Hard Chrome still the ultimate finish?


November 21, 2010, 08:21 PM
Is Hard Chrome still the most durable finish for a pistol? What company do you advise to treat ones handgun with the ultimate finish? Who to avoid? Do they finish everything including barrel inside and out? Springs too? Is $300 about common price? thanks

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November 21, 2010, 08:34 PM
Hard chrome is a tough finish but Titaniuim nitride is actually tougher. It is the same stuff they coat on some drill bits to make them last longer. Unfortunately it is a goldish color. But its supposed to be very tough. As far as what you would get chromed, Usually only the frame and outside of the barrel are done. Not sure about springs, but probably not. Can't tell you what company to use but am sure others here will.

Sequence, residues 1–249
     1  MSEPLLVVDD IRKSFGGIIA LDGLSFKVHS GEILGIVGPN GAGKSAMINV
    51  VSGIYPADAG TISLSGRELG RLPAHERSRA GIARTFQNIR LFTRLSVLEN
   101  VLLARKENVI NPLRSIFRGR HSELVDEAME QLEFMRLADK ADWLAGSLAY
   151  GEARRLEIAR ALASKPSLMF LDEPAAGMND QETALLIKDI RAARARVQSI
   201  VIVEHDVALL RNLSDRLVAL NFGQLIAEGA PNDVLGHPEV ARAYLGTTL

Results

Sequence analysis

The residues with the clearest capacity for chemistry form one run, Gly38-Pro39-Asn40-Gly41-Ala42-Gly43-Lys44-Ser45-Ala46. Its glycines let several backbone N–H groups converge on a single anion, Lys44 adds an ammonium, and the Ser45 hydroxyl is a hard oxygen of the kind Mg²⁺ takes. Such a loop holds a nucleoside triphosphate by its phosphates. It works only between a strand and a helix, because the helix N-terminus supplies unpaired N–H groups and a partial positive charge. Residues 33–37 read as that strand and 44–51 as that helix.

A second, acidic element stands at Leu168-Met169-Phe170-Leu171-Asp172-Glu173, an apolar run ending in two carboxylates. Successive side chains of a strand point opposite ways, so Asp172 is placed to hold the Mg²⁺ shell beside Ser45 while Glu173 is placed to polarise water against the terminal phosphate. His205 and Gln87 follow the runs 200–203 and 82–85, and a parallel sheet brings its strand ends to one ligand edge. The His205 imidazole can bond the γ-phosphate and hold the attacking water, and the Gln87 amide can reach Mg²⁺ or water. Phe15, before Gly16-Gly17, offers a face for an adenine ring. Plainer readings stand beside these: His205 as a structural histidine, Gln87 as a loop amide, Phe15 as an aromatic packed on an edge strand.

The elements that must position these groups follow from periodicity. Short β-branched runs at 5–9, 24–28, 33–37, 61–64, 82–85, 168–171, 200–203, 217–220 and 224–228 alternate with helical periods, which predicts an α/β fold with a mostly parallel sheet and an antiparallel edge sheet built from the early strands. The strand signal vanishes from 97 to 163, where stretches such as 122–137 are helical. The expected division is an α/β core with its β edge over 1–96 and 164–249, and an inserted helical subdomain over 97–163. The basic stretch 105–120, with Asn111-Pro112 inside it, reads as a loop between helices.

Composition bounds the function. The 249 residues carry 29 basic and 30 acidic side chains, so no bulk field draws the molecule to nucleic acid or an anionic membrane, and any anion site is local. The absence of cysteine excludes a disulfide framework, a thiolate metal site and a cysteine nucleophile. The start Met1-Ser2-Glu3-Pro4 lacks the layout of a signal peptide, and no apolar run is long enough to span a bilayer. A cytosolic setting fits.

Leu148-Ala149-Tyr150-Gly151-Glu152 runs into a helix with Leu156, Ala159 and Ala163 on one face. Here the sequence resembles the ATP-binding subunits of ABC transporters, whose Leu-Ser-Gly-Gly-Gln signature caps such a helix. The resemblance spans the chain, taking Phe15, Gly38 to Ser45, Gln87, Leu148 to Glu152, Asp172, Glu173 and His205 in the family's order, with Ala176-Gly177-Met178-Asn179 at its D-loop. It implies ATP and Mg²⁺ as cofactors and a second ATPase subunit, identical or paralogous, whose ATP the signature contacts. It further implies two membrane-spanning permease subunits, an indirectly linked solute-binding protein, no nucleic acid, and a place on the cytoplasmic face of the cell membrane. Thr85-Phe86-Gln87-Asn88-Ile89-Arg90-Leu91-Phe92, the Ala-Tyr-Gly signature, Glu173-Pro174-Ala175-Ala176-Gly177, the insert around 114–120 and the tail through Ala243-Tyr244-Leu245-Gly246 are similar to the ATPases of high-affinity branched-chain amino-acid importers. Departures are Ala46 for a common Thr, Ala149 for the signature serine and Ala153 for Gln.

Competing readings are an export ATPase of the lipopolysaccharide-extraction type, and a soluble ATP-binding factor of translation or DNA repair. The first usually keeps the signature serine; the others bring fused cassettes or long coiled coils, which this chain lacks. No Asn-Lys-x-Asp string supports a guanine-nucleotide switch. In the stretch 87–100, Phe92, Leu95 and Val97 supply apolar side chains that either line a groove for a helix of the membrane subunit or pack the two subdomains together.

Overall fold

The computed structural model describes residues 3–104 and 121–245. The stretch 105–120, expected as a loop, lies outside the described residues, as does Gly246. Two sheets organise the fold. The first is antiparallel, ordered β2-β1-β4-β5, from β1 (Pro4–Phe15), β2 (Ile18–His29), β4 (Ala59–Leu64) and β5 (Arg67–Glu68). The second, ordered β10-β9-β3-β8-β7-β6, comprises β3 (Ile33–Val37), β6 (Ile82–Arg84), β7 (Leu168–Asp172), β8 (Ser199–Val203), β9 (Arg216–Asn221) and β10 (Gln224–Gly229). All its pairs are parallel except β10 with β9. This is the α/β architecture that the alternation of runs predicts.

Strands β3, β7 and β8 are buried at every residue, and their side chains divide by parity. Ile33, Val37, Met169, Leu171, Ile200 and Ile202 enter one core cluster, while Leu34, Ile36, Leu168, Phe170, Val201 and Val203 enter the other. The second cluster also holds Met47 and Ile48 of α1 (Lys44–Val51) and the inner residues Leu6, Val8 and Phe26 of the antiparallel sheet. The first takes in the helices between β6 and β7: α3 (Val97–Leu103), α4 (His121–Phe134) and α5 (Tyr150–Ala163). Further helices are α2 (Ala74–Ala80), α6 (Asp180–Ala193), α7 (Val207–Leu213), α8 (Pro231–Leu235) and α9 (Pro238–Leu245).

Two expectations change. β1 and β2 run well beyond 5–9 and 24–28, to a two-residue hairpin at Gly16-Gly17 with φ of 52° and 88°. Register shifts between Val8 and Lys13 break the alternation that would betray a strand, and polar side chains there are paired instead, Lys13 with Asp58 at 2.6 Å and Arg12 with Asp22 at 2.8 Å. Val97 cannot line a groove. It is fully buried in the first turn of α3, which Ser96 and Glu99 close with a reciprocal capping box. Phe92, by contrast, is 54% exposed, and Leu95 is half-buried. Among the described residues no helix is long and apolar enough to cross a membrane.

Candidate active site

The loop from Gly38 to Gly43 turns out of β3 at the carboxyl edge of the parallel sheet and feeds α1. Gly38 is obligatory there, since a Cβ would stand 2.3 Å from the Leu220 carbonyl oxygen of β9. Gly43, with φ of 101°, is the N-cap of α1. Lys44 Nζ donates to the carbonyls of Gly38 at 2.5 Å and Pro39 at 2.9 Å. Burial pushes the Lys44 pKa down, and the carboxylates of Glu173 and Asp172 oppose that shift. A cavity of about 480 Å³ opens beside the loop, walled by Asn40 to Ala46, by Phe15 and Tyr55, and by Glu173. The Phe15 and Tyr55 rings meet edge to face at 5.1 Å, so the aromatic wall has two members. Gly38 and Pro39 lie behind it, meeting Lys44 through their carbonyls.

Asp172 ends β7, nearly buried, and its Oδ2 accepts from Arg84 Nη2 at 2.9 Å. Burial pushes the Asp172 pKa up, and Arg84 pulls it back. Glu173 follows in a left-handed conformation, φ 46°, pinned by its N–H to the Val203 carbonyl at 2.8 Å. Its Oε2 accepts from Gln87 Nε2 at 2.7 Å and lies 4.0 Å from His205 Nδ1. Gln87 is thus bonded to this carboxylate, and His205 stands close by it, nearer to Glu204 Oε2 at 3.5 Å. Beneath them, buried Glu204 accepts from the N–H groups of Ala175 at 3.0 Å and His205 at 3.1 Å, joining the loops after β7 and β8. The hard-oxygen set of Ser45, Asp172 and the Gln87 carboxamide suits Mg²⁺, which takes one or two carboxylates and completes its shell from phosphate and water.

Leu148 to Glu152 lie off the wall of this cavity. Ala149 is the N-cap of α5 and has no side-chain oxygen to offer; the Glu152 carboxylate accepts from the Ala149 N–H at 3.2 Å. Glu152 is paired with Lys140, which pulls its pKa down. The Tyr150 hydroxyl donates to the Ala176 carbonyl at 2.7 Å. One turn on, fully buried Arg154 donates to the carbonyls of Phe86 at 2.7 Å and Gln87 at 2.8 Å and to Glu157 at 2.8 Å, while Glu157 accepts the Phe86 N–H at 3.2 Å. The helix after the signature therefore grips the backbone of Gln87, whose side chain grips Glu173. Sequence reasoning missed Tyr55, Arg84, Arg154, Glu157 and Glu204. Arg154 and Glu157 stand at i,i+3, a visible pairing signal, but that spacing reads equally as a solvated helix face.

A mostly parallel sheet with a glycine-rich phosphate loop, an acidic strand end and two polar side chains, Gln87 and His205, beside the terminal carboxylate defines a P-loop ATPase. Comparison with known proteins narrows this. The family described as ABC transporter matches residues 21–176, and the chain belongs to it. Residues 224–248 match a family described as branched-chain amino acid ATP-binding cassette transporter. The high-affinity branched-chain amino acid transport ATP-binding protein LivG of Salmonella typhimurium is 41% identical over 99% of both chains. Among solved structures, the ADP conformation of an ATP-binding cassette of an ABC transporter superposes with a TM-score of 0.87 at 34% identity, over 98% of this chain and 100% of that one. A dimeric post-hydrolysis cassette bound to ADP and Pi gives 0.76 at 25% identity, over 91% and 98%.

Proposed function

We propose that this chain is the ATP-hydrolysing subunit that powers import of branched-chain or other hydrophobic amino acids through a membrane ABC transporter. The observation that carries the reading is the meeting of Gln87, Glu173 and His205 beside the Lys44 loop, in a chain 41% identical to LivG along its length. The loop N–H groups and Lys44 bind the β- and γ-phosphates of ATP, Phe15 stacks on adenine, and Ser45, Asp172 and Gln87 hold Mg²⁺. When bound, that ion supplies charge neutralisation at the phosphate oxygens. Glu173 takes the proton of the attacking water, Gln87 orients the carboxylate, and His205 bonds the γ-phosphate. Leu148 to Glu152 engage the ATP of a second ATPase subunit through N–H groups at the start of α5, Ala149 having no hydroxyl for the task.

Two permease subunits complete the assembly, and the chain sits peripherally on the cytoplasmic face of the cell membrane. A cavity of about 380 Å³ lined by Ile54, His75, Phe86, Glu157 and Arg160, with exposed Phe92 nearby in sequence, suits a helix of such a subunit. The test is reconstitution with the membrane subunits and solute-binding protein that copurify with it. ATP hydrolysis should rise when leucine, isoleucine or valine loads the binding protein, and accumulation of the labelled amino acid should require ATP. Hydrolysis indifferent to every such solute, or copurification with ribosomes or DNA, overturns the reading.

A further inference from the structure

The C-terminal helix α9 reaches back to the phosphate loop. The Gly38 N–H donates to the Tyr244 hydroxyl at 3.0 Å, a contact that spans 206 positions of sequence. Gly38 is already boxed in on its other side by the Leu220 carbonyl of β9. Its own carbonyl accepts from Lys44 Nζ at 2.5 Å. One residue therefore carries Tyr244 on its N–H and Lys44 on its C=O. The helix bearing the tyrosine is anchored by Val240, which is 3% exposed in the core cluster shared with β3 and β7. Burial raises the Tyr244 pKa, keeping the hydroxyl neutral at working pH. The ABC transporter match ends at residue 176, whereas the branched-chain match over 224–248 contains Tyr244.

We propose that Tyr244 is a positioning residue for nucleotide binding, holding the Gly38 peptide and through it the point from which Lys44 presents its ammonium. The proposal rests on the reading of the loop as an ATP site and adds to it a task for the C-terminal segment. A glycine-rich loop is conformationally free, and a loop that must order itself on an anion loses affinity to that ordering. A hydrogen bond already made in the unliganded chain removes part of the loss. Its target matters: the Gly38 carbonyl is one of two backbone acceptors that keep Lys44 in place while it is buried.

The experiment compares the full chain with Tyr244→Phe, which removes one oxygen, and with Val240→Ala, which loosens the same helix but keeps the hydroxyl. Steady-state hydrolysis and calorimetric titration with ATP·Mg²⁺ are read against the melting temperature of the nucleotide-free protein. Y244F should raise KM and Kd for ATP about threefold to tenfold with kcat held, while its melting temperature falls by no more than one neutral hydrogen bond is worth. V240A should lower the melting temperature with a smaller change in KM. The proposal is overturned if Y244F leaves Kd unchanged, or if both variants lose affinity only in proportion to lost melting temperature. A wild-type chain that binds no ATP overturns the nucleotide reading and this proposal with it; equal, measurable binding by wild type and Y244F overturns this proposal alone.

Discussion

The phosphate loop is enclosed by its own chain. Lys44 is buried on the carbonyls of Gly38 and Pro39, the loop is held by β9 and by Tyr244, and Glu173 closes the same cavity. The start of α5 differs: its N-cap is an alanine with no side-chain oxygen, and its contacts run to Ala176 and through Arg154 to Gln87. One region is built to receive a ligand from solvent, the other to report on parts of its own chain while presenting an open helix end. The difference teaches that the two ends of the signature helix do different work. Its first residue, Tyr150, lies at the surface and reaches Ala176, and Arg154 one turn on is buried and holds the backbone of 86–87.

November 22, 2010, 12:40 AM
so who does titanium nitrate?

November 22, 2010, 04:28 AM
so who does titanium nitrate?

Titanium Nitride.

Drug cartels, Saddam and associates...

Do you really want a gold gun?

Buck Snort
November 22, 2010, 04:52 AM
"Do you really want a gold gun."

Hey, I'd like to show it off to the homies!!

November 22, 2010, 05:38 AM
What about Robar's NP3 treatment? Supposed to be pretty tough too.

Al Thompson
November 22, 2010, 06:38 AM
Spring, Bob Cogan is a great refinisher:


November 22, 2010, 10:03 AM
Black IonBond DLC i do believe may be one of the best finishes.
Several places do this finish or they send them all the the same place im not sure as it seems to be a complex procedure.
Click on finishes on the left hand side:

IonBond DLC